June 11, 2009
WHO declares global swine flu pandemic, Australian spread is catalyst for new alert. First Cut: Hear Health Minister John Hill announce a sharp rise in the number of swine flu cases in South Australia.
Swine flu has spread in Australia since a ship with infected passengers there has docked
David Rose TimesOnline
The world is officially in the grip of the first global flu pandemic for 40 years, health officials said today.
The World Health Organisation (WHO) has declared that H1N1 swine flu has reached the status after more than 27,000 cases were confirmed across several continents.
A statement from the UN health agency is expected shortly.
The decision to raise its global alert level from five to six — officially signalling a pandemic — came after a day-long emergency meeting of the WHO to discuss the implications of widespread outbreaks of illness in the Americas, Europe and Asia.
A disease is classed as a pandemic when transmission between humans becomes widespread in at least two regions of the world.
The last global flu pandemic came in 1968 over the so-called “Hong Kong” flu, which killed about 1 million people worldwide.
The latest H1N1 viral strain — a combination of previously circulating animal and human strains — emerged in Mexico in April and since then 27,737 cases have been confirmed in 74 countries worldwide since March.
Community spread - in which infections cannot be traced to known cases - has already been confirmed in the North and South America. But WHO officials are reported to have been alarmed by a sudden spike of cases in Australia, and also by rising numbers in Europe.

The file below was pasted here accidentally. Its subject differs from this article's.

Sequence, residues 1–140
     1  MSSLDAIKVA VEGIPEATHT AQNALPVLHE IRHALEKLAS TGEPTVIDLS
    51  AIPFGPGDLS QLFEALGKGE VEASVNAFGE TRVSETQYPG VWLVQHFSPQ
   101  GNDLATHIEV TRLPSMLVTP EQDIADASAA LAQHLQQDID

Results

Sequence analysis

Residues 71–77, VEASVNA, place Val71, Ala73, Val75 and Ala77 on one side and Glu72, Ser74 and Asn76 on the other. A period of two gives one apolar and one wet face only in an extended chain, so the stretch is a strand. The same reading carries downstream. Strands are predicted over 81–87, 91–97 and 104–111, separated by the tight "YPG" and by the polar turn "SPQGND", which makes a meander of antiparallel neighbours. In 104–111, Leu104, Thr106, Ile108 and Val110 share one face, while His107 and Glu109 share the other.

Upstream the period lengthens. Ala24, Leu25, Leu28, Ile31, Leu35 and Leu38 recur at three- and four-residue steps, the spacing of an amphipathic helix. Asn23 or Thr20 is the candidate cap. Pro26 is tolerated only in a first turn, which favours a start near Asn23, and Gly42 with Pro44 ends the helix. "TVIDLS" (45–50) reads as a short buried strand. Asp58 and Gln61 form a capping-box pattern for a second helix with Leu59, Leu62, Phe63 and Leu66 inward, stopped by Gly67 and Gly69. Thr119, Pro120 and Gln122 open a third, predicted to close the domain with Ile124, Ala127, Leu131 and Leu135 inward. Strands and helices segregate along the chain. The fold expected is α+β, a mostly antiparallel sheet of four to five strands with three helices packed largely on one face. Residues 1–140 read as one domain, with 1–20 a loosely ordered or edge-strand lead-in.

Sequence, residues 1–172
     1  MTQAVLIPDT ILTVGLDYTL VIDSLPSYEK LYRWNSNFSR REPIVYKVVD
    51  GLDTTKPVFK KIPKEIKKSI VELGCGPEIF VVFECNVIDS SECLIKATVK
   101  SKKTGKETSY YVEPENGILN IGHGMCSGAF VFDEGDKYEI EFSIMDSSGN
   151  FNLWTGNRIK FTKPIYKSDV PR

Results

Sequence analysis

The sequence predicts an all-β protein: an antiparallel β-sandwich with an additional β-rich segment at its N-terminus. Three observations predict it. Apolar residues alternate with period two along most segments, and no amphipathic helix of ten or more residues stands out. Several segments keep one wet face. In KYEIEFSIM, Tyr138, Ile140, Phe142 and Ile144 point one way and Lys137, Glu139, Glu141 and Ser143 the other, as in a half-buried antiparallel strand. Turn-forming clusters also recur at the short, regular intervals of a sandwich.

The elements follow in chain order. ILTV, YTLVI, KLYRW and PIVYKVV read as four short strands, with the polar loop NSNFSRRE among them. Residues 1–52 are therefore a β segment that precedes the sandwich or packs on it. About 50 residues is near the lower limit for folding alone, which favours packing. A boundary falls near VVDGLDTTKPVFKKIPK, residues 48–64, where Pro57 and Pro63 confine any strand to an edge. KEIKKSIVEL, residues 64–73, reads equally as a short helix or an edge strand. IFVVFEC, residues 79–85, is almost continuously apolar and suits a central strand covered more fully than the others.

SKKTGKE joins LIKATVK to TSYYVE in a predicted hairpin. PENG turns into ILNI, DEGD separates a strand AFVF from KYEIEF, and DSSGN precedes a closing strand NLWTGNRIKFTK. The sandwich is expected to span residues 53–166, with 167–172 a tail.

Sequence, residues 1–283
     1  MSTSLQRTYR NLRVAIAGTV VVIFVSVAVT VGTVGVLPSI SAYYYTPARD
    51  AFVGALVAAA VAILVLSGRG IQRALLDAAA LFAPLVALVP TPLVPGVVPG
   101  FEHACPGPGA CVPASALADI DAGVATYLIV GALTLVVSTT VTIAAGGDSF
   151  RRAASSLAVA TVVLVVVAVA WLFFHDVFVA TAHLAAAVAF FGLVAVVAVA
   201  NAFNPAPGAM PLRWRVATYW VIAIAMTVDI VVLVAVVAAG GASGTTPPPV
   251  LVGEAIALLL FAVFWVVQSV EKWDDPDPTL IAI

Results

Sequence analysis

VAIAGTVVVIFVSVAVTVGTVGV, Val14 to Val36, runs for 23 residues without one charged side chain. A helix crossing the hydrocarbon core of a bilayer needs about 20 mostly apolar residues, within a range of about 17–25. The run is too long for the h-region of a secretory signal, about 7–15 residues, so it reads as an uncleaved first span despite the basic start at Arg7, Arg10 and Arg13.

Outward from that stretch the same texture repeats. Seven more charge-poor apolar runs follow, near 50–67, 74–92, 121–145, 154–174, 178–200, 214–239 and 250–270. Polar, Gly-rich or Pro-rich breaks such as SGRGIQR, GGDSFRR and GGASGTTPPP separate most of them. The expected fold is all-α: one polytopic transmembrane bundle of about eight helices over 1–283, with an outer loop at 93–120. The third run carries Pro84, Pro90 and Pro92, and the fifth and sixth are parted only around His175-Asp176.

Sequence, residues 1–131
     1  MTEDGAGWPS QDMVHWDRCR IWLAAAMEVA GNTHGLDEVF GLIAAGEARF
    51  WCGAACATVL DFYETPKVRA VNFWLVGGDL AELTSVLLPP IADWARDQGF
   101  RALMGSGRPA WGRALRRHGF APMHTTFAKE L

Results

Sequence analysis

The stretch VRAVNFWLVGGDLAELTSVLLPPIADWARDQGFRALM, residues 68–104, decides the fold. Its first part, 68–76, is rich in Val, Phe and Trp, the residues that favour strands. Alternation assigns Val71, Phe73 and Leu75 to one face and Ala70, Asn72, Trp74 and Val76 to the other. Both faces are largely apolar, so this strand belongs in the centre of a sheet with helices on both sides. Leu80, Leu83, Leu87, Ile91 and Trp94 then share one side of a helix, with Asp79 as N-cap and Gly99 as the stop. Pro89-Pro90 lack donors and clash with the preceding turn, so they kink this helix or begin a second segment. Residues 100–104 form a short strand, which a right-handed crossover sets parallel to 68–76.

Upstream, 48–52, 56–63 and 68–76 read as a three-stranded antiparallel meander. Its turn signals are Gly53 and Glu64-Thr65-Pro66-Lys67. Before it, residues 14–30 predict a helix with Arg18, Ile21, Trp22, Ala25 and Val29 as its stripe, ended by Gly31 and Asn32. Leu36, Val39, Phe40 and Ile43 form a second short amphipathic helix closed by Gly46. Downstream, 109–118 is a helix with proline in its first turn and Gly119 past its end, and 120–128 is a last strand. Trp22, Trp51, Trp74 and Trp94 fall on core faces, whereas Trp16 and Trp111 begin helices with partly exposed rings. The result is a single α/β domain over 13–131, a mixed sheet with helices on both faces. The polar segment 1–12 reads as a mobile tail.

Nearly 800 cases of the H1N1 virus, have so far been confirmed in Britain, forcing the closure of at least 20 schools.
The Department of Health said that the WHO announcement had no immediate implications for the public, but could prompt Governments to take extra prevention measures, such as imposing travel bans and ordering increased vaccine production.
So far the virus has caused relatively mild, cold-like symptoms with headaches and vomiting although 141 have died in six countries and health officials are watching closely to see whether the virus has the capacity to mutate or cause more severe illness.
The Government’s chief medical officer Sir Liam Donaldson said before the announcement that a WHO pandemic declaration would not significantly change the way the UK was dealing with swine flu.
But he said that the Health Protection Agency was planning to focus the use of anti-viral drugs on close contacts of people carrying the virus, rather than the wider circle of contacts who have been treated so far.
Sir Liam said: “The declaration of a pandemic per se doesn’t make a big difference to the to the way we are handling the outbreaks we have.”
He added: “We are going to continue to investigate every case that occurs and treat their contacts with anti-virals even though they may not be ill.”
Official guidance from the WHO states: “Assessment of the severity of a pandemic is complex. Experience has shown that past influenza pandemics have varied in terms of severity and that the associated health impacts may vary significantly based on a variety of factors.”
A Department of Health spokesperson said: “The WHO alert levels reflect the global view and any action taken in the UK would be based on the situation here.
"The Department of Health will assess the current situation in the UK before making any recommendations.
"We are monitoring the situation constantly and if anything changes we will respond accordingly.”
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